I recently went to a mobile payments hackathon and worked on a reminder app with my co-founder of Flock. You input the name of your item and the day of the month that it’s due. The app then shows you how long you have to complete the given task based on a green to red spectrum inspired by Clear.
Being a hackathon project, we wanted to keep the app simple. It contained a Reminder model with 2 attributes: 1) name and 2) day of the month you want to complete the task.
I got to a point where I wanted to sort the items by number of days left until the item was due.
If I had a column in the database called ‘days_until_due’ I could have used the order method:
But I didn’t have a database column called ‘days_until_due’…
This got me asking myself, “What’s the best way to sort a model based on a calculated value instead of a value stored in the database?”
After googling around I stumbled upon a nice solution. It suggested creating an instance method to calculate the value, and then creating a class method that combines a query with the sort_by method.
Step 1: Create an instance method to calculate the value
In reminder.rb, I created an instance method to find out how many days until the item is due based on the day of the month the item was suppoed to be completed by and the current date:
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Step 2: Create a class method to query and sort the model
Again in reminder.rb, I then created a class method, which combined a query, sort_by, and the instance method from above.
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You may be asking yourself what is going on in that one line method? Let’s break it down step by step. First, Reminder.all returns an array of all the reminders (unsorted).
Next, I call the sort_by method on this array. This method takes a block as an argument and generates a sorted array by mapping the values through the given block. If no block is given, an enumerator is returned instead. Below is an example:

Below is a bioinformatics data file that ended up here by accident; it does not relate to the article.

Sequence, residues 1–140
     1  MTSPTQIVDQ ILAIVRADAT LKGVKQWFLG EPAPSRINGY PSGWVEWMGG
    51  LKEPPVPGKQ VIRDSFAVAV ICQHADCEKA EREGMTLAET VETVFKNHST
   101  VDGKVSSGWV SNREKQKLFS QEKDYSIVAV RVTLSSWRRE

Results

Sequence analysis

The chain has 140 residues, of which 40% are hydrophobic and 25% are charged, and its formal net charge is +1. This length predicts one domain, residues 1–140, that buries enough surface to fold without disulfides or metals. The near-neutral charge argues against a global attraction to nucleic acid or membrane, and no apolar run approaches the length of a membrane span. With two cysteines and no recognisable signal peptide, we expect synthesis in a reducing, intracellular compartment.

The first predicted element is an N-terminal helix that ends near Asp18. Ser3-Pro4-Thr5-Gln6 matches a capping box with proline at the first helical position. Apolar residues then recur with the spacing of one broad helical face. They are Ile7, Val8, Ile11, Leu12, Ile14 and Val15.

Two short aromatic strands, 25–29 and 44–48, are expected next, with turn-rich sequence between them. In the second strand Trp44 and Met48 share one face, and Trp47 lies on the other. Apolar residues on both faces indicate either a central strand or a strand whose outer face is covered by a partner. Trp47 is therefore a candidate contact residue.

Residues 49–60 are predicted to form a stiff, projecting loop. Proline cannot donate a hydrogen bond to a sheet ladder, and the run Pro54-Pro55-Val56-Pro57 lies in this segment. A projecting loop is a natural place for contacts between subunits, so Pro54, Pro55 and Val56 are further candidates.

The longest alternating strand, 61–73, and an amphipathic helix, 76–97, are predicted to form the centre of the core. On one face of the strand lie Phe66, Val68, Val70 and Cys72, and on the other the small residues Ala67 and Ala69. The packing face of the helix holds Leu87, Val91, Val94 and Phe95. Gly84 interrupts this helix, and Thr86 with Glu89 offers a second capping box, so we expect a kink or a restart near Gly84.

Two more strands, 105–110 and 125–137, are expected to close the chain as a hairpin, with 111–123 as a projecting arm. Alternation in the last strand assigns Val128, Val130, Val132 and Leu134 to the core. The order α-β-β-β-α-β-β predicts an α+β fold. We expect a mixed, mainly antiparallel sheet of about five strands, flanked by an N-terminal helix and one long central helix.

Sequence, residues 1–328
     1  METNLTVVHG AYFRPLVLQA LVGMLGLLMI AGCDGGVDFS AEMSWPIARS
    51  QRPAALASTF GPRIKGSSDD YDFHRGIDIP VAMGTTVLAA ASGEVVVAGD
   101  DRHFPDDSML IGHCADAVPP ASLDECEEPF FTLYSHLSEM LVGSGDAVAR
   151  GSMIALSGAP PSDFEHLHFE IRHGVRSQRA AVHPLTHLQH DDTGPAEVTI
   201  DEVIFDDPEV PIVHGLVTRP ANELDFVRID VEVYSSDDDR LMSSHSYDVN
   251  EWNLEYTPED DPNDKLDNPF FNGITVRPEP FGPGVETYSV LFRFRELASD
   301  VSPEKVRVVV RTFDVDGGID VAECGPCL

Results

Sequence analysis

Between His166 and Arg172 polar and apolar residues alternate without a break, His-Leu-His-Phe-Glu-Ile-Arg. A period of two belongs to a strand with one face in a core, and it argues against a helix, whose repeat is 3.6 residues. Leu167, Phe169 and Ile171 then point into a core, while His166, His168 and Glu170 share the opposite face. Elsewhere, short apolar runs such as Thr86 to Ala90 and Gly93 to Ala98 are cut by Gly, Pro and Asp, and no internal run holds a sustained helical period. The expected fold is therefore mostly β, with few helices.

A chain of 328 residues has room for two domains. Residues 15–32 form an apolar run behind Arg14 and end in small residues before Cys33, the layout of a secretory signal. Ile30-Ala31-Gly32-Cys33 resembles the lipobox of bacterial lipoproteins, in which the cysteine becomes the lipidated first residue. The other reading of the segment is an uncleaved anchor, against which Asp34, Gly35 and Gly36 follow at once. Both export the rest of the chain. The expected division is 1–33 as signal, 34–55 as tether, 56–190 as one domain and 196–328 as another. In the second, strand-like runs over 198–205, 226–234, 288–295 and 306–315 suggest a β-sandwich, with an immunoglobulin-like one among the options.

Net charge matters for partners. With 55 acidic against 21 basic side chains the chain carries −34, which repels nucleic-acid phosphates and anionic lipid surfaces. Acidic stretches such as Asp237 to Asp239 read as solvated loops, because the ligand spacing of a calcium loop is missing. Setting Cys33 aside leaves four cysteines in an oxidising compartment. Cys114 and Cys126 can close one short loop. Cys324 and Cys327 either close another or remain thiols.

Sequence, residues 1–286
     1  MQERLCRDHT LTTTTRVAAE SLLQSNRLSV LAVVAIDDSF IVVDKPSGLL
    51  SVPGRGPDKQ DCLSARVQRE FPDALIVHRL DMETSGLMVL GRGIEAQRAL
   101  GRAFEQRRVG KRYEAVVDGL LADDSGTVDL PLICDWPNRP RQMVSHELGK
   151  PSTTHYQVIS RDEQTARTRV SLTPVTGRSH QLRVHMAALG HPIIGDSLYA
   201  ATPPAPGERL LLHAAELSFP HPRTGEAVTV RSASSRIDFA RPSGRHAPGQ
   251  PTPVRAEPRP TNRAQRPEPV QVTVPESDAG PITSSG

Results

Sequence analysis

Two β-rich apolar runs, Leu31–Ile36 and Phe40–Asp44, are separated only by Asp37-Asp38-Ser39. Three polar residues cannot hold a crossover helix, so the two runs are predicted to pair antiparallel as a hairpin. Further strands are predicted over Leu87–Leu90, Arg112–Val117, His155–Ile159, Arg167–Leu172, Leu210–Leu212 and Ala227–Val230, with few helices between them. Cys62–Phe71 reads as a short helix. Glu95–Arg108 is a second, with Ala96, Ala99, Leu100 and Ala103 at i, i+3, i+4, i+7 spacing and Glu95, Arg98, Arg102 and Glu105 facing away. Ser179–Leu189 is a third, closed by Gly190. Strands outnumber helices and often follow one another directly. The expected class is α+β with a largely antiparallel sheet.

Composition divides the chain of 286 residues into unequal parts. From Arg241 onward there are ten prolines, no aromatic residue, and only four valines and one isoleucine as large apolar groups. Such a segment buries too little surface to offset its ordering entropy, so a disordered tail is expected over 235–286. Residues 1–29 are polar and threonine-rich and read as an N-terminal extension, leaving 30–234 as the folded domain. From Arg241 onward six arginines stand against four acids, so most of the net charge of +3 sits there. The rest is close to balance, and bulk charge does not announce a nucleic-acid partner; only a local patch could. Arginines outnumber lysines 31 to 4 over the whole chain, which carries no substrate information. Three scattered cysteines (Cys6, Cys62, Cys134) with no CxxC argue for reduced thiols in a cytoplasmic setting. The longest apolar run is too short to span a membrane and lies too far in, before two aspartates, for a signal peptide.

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Now you’re probably asking yourself, but how does ‘&:days_until_due’ translate into a block? It has to do with procs and blocks. If you’re unfamiliar with these terms, you should check out a post I wrote discussing these parts of ruby. In one sentence, the ‘&:’ syntax is converting the instance method into a proc, and then converting the proc into a block, which is what Array#sort_by takes as an argument.
Below I will make the example above look like the method I used in my reminder app.
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The above syntax works by combining implicit type casting with the ‘&’ operator. The ‘&’ operator is used in an argument list to convert a Proc instance into a block. If you combine the operator with something other than a Proc instance, implicit type casting will try to convert it to a Proc instance using the to_proc method. Since Symbol#to_proc exists, when we pass a symbol after the ‘&’ operator, it is converted into a proc, which is then converted into a block.
Going back to my original problem, all this talk about procs and blocks and type casting is what allowed me to create the following one line method:
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This method allowed me to succinctly include a sorted array of reminders in my view with the following:
Now back to coding!